Running bamboo species pose a greater invasion risk than clumping bamboo species in the continental United States.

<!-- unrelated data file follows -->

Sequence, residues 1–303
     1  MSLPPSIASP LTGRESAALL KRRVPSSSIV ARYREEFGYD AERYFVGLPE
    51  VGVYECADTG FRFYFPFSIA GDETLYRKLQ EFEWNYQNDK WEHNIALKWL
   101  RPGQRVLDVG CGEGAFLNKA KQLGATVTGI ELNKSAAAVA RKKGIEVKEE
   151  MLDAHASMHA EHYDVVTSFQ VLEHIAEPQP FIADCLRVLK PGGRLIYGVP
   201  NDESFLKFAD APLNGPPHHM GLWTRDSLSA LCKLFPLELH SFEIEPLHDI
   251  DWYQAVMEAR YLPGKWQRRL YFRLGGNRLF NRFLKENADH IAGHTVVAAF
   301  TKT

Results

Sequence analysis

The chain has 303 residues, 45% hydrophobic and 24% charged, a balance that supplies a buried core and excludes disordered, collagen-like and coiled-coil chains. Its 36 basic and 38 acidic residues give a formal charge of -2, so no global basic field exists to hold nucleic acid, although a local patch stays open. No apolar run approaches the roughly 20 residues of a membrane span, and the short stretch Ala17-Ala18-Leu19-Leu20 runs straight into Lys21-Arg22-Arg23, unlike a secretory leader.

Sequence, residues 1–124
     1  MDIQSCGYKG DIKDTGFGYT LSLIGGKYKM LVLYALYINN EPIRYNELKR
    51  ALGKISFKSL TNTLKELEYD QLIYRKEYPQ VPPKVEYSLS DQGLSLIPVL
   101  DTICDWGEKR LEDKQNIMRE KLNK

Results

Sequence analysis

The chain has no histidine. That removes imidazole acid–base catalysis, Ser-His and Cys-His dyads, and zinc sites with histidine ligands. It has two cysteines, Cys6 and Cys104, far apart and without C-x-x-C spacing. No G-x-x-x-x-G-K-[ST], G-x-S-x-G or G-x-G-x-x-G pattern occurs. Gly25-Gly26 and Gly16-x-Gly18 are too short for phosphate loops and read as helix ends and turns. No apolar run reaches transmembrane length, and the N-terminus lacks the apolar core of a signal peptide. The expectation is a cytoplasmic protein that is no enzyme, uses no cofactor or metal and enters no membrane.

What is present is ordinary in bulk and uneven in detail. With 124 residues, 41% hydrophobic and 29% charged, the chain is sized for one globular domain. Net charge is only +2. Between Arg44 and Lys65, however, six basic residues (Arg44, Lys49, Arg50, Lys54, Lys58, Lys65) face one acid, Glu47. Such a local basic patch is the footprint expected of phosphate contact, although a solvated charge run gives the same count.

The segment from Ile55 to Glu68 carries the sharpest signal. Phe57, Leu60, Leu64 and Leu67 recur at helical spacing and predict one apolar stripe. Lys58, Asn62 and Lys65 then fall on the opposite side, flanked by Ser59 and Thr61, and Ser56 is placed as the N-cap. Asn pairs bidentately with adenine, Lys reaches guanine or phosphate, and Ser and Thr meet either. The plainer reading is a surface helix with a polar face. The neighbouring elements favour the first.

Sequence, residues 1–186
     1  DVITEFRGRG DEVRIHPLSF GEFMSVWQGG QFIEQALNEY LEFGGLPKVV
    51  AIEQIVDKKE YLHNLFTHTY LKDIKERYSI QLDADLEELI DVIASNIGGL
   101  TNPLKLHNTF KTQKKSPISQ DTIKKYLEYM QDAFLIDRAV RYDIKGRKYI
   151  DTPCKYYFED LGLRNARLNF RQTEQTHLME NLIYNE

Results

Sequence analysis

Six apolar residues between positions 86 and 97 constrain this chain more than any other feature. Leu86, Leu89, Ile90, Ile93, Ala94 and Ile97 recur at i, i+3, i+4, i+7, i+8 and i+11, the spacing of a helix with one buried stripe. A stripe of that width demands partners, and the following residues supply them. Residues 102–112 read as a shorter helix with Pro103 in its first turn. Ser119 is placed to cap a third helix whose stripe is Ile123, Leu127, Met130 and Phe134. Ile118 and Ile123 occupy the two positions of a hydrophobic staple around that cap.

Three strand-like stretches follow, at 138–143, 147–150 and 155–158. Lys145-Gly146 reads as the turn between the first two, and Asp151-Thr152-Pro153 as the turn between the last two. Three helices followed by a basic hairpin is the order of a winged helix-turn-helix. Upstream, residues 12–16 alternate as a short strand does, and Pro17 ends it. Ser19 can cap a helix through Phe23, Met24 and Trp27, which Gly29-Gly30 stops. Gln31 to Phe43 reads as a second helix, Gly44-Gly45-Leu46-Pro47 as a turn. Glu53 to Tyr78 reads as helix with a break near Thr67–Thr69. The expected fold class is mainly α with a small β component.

Bamboo species have been promoted for utility in both biomass and pulp production because of their high productivity. However, some bamboo species are known to be problematic invaders. Our goal was to use a weed risk assessment (WRA) tool to evaluate and compare invasion risk of non-native running and clumping bamboo species, many of which are under consideration as paper pulp and bioenergy crops in the continental United States. WRAs were conducted for 18 running and 29 clumping bamboo species using a version of the Australian WRA modified for the U.S. We tested for differences in scores and the number of questions answered for clumping and running species, the relationship between the WRA score and the number of questions answered, and the questions that differentiated low and high-risk species. Overall, we found that running bamboo species present a significantly higher invasion risk than clumping species. Only one running bamboo species (Chimonobambusa tumidissinoda) was identified as low risk and one clumping species (Bambusa bambos) was high risk for invasion. History of invasiveness elsewhere, the ability to form dense thickets, and unintentional dispersal of viable rhizome pieces were associated with significantly greater predicted risk. Commercial applications of bamboo should focus on the use of low invasion risk clumping bamboo species to reduce the risk of escape and colonization of nearby natural areas. Further, bamboo-specific best management practices (BMPs) should be implemented to reduce the probability of invasion for species used in commercial production.